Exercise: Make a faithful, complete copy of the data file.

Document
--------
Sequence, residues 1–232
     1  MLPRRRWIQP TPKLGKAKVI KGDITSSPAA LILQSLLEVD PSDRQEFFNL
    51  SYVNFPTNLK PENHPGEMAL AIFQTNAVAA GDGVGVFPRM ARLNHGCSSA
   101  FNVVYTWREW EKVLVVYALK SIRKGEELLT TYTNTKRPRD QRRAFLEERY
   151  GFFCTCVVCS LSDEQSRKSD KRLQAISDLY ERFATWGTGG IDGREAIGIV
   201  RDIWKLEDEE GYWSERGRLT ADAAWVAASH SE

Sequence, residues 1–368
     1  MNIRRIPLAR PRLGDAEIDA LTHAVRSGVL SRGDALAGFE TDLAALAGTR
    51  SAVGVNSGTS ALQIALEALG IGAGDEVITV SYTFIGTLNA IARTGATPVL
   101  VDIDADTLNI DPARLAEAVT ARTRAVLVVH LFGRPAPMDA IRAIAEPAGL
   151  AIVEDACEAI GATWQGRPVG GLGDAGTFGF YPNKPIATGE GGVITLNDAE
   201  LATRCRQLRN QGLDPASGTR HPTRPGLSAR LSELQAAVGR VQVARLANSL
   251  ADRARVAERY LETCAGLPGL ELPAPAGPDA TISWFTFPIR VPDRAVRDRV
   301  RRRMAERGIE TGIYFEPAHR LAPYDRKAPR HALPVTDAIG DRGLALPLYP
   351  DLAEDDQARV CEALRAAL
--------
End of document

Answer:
Sequence, residues 1–232
     1  MLPRRRWIQP TPKLGKAKVI KGDITSSPAA LILQSLLEVD PSDRQEFFNL
    51  SYVNFPTNLK PENHPGEMAL AIFQTNAVAA GDGVGVFPRM ARLNHGCSSA
   101  FNVVYTWREW EKVLVVYALK SIRKGEELLT TYTNTKRPRD QRRAFLEERY
   151  GFFCTCVVCS LSDEQSRKSD KRLQAISDLY ERFATWGTGG IDGREAIGIV
   201  RDIWKLEDEE GYWSERGRLT ADAAWVAASH SE

Sequence, residues 1–368
     1  MNIRRIPLAR PRLGDAEIDA LTHAVRSGVL SRGDALAGFE TDLAALAGTR
    51  SAVGVNSGTS ALQIALEALG IGAGDEVITV SYTFIGTLNA IARTGATPVL
   101  VDIDADTLNI DPARLAEAVT ARTRAVLVVH LFGRPAPMDA IRAIAEPAGL
   151  AIVEDACEAI GATWQGRPVG GLGDAGTFGF YPNKPIATGE GGVITLNDAE
   201  LATRCRQLRN QGLDPASGTR HPTRPGLSAR LSELQAAVGR VQVARLANSL
   251  ADRARVAERY LETCAGLPGL ELPAPAGPDA TISWFTFPIR VPDRAVRDRV
   301  RRRMAERGIE TGIYFEPAHR LAPYDRKAPR HALPVTDAIG DRGLALPLYP
   351  DLAEDDQARV CEALRAAL